Gallery: City College of New York Students Unveil Sun-Powered Roof Pod ...

Image © Amanda Silvana Coen
The entire interior core of the house is constructed of bamboo plywood. Bamboo's fast-growing, light weight nature makes it the perfect material to use in this energy efficient design.

With so much recent development, New York City’s rooftops remain one of the most underutilized pieces of real estate. As one Team New York member stated, “Our most abundant energy resource in the sun and our most underutilized urban space is our rooftops.” In fact, there are over 1.6 billion feet of roof space available! Additionally, rooftops provide the perfect resources for self-sufficiency: solar energy, wind, and rain water. The sun’s energy in New York City alone is over twice that needed to power the grid.

What distinguishes House 403 from other design finalists is that it is the only design that is specifically meant for high-density urban centers such as New York. The design incorporates lightweight, durable and renewable materials that utilize photovoltaic technologies. The entrance is constructed of a 9-foot NanaWall, the leader in glass walls for large openings, allowing plenty of light to flood the structure. An additional 9-foot opening to the back encourages dwellers to incorporate the outdoors, and perhaps gardening, into their daily routine.

As the roof pod unit is relatively small with 750 square feet of space, the interior layout also had to be carefully planned. The living space is organized around a centrally enclosed appliance area which is integrated by the cabinets and walls. Special innovations such as a colored light system near water faucets visually indicates water usage to help residents be conscious of their use of resources. Light is also an important factor with plenty of windows allowing the entrance of natural light. The Ornilux windows are coated with a unique UV pattern that is invisible to the human eye but detectable by birds. With over 700,000 bird deaths by windows per year in New York, this feature is especially important in an urban environment!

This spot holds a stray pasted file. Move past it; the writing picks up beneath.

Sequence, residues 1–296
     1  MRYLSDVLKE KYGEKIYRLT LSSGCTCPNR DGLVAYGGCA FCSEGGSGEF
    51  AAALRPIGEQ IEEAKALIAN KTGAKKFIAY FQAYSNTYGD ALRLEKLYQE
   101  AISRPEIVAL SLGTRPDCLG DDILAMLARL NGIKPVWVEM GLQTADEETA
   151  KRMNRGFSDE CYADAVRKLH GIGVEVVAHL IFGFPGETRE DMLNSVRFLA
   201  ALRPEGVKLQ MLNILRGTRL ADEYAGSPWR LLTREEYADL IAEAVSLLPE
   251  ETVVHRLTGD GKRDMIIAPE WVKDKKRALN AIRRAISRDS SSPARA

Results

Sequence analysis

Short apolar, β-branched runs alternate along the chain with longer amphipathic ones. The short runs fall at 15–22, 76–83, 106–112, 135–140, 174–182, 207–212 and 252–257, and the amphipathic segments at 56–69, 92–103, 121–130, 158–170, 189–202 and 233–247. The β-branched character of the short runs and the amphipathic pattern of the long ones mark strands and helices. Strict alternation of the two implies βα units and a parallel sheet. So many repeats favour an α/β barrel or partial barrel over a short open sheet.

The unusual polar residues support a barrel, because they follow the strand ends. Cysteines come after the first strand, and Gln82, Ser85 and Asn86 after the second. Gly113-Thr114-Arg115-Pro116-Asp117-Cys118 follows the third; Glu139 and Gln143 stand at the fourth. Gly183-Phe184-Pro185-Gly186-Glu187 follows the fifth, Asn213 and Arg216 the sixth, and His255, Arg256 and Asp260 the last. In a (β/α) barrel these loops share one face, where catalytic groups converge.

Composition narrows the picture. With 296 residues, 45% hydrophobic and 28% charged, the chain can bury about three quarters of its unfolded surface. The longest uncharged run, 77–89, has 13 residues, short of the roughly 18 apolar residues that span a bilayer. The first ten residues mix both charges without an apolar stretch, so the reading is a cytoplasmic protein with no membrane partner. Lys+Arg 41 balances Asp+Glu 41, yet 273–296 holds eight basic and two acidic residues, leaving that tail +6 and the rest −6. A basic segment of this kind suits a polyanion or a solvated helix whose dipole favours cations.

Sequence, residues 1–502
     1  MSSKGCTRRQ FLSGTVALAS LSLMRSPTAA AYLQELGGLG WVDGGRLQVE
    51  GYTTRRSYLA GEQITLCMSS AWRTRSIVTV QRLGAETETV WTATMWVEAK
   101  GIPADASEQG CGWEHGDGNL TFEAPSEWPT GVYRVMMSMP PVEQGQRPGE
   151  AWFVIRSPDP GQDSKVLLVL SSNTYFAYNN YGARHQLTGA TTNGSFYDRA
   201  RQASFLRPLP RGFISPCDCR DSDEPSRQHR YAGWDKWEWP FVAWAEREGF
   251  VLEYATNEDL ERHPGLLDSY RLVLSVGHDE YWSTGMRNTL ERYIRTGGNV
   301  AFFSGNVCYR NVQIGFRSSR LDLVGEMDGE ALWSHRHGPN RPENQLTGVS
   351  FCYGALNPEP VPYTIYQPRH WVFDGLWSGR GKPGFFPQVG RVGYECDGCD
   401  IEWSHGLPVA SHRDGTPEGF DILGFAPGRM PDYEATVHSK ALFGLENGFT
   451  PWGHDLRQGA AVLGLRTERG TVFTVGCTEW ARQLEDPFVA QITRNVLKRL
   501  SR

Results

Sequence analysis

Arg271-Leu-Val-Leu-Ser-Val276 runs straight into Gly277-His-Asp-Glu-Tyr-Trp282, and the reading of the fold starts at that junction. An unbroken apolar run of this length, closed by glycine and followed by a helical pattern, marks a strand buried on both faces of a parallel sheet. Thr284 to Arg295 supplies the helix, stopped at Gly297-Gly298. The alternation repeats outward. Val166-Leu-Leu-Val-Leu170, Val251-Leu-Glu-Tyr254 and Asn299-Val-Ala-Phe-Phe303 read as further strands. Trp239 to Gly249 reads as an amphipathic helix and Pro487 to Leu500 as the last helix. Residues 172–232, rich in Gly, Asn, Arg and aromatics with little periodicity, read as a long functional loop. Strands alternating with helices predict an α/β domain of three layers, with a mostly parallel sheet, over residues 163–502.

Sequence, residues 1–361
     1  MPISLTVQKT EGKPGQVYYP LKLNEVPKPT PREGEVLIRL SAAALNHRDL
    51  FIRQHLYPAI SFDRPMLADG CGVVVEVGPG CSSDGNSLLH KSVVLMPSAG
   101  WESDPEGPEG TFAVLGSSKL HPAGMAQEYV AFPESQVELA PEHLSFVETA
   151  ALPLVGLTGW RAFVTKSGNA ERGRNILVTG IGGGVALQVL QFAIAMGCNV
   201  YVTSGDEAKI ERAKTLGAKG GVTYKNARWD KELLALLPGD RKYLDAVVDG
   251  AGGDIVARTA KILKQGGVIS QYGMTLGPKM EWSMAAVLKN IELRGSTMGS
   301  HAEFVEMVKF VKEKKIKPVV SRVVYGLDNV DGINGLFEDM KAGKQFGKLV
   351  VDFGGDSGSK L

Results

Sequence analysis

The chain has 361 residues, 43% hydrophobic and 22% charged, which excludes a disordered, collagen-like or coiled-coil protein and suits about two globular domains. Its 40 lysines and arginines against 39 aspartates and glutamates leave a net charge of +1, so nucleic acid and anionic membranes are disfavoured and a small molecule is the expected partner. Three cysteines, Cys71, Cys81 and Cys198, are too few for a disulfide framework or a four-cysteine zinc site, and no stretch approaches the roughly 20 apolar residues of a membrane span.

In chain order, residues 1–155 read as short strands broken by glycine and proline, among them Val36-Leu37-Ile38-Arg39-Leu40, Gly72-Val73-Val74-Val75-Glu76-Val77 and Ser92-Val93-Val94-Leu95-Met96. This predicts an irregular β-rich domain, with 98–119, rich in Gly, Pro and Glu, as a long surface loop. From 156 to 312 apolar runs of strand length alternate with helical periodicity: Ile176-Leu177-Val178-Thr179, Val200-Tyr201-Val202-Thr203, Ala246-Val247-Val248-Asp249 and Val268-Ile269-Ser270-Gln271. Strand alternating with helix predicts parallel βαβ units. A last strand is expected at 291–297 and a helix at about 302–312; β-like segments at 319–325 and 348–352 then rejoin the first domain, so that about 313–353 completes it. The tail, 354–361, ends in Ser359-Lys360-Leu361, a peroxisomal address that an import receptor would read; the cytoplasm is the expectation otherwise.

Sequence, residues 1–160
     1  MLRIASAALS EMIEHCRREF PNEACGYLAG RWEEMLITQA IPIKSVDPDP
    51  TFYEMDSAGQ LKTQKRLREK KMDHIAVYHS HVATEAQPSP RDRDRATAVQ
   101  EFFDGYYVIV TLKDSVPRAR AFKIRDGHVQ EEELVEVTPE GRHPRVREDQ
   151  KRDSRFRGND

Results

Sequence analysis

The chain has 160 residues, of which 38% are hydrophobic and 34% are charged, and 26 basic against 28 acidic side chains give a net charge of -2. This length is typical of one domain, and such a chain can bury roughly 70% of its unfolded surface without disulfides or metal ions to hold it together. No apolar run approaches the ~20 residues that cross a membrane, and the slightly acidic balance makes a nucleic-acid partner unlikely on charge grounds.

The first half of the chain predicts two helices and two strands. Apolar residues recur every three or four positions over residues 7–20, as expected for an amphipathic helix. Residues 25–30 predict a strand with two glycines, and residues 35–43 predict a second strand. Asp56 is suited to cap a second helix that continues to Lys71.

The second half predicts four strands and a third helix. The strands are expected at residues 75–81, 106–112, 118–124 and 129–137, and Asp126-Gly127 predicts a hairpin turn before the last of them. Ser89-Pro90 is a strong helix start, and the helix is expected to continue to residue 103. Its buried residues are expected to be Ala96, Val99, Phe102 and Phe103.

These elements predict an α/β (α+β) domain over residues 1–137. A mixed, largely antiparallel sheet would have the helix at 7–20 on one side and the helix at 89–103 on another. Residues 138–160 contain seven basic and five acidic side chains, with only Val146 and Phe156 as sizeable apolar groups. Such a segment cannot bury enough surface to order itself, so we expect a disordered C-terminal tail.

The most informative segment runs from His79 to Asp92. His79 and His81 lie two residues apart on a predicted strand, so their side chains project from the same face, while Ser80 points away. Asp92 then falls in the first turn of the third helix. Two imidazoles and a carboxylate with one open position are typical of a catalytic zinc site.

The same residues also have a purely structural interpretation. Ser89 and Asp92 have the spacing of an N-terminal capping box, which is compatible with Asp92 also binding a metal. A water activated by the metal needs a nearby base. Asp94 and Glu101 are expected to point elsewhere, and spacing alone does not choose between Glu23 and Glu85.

The team has come a long way since our initial coverage of the project in May 2011. The students were involved in all aspects of the two-year project, from initial concept design to the carpentry of the cabinets. The outcome of their labor is a final prototype that offers a sleek solution to some of the most pressing environmental and economic problems. It also addresses the challenges addressed by New York City’s 2030 sustainability agenda, PlaNYC. With any luck, more green roofs will soon be popping up in the city, changing the way we interact with a hugely underutilized resource and reducing our carbon footprint.

+CUNY Team New York +US Department of Energy Solar Decathlon

Images © Amanda Silvana Coen and Jill Fehrenbacher for Inhabitat

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